Los Angeles Times
Heat wave sets stage for intense fire season
As record temps fuel blazes across the state, officials say the worst is likely yet to come.
SACRAMENTO — More than a week of record-setting heat across California is fueling several destructive wildfires and worsening already critical conditions ahead of the fall fire season.
Officials were bracing for an intense fire season because of California’s drought conditions. But experts say the heat wave —
likely to be the longest and hottest on record for September — is setting the stage for fires to spread much faster.
The scorching temperatures have created a “flash drying effect” by pulling out all the moisture from trees, grasses and other vegetation, according to Brent Wachter, a meteorologist at the U.S. Forest Service’s Geographic Coordination Center.
“We’ve had really low humidity and warm temperatures, not just during the daytime but through the entire 24-hour period, and it’s created increased flammability in the fields and bumped it into an ultraflammable scenario,” he said.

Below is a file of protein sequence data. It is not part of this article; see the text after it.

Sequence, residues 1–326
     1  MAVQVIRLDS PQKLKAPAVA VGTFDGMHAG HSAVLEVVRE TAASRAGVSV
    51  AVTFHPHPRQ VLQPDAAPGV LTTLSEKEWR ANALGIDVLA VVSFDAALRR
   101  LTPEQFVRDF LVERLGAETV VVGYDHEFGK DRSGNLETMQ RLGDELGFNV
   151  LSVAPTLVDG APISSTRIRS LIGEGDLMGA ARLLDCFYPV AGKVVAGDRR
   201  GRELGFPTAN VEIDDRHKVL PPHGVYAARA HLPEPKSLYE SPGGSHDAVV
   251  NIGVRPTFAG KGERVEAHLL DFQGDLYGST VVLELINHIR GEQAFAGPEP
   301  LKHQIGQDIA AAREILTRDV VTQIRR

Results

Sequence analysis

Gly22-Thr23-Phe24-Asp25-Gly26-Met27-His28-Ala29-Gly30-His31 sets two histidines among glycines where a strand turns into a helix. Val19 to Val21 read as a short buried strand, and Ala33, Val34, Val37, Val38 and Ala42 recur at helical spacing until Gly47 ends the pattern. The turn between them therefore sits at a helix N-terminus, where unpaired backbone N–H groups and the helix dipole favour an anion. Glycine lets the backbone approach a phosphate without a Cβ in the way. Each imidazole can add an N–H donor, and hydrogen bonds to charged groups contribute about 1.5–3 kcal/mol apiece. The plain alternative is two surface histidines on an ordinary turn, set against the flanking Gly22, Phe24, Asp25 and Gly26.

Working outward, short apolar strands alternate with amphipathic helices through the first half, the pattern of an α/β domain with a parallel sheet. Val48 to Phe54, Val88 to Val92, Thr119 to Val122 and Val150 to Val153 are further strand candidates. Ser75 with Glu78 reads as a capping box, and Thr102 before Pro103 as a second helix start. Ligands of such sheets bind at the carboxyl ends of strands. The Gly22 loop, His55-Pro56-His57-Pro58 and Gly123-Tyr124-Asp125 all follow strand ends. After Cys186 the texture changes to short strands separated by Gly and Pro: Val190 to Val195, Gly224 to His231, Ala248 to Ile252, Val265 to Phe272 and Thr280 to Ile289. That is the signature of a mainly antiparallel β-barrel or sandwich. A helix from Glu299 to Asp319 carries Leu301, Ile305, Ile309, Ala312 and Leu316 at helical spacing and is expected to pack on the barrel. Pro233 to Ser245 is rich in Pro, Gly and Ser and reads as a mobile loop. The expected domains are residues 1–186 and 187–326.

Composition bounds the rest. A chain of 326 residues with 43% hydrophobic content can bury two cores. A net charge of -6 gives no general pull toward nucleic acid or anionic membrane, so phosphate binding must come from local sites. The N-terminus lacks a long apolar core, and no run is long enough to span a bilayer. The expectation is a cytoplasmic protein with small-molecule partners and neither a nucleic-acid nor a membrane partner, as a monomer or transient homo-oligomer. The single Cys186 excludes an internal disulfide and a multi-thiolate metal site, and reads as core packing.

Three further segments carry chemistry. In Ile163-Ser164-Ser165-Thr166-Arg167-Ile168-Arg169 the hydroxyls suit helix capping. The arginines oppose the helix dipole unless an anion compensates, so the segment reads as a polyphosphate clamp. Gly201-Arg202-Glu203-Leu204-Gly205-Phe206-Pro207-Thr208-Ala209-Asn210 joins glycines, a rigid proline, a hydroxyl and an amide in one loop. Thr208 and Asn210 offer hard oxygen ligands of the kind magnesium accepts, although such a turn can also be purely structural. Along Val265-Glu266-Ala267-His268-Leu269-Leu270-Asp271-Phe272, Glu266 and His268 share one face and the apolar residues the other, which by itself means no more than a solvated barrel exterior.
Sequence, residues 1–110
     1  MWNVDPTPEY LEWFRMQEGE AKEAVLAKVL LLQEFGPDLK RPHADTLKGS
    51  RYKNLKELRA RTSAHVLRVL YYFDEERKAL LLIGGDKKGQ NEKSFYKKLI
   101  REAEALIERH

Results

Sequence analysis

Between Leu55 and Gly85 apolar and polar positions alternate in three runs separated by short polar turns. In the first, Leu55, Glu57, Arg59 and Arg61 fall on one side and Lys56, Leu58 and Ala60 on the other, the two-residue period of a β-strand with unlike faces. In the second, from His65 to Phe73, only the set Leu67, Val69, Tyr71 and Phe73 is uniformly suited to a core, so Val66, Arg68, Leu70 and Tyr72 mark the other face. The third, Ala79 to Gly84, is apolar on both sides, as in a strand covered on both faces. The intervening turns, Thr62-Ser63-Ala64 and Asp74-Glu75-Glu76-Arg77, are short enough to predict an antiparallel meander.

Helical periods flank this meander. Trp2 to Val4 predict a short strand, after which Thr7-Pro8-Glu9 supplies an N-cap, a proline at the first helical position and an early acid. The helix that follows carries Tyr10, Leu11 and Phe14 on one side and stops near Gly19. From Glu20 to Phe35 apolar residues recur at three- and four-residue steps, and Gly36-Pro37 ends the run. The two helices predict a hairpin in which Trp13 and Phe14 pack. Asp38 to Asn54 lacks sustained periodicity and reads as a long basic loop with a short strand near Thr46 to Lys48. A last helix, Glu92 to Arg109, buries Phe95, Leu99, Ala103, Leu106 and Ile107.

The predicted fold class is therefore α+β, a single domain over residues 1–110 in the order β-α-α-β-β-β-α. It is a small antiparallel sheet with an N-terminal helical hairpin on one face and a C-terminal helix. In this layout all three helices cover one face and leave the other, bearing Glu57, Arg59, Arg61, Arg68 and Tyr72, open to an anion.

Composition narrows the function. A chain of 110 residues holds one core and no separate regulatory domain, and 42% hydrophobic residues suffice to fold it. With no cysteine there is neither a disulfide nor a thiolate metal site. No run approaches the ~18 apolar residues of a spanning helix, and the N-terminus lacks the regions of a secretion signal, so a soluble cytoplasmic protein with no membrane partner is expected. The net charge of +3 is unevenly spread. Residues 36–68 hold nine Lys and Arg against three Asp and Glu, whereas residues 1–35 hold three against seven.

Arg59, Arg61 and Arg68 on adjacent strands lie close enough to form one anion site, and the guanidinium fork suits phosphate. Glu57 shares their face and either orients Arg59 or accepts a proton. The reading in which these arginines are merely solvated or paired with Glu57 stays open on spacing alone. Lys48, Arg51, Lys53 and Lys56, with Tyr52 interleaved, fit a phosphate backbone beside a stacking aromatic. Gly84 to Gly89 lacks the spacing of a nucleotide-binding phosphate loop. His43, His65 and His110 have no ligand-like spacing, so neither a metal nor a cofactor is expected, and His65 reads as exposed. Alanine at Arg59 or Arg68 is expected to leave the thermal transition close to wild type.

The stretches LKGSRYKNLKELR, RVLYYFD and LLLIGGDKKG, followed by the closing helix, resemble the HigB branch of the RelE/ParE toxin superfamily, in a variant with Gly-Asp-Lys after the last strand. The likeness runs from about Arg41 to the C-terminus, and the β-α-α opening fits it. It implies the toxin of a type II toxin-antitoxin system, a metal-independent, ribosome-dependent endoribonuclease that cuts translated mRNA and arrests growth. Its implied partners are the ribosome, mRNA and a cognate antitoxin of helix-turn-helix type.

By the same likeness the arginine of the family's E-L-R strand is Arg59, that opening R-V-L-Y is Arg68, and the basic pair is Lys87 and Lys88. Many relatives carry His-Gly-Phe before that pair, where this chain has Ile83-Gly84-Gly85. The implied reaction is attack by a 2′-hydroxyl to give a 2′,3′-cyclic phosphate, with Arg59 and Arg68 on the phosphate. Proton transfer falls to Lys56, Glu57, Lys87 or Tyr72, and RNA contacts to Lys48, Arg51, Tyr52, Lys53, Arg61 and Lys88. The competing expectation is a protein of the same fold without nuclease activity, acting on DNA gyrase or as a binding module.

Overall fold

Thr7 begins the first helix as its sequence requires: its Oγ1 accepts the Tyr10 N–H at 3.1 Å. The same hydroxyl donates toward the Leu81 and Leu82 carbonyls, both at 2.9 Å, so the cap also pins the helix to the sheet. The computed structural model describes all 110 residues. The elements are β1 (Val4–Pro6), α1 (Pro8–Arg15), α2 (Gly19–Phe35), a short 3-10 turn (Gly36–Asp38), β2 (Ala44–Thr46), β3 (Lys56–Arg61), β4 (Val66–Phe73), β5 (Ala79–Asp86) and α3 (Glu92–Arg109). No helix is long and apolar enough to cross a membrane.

In the Sacramento Valley foothills, moisture levels for dead fuels have dipped to their lowest in about 25 to 30 years, according to Wachter.
That is the area where the Mosquito fire doubled to more than 13,700 acres Thursday after sparking two days earlier near Foresthill in Placer County, provoking a mandatory evacuation order for about 2,500 people, according to the California Department of Forestry and Fire Protection. More than 1,000 structures were threatened and some homes have been burned down, but officials didn’t have an exact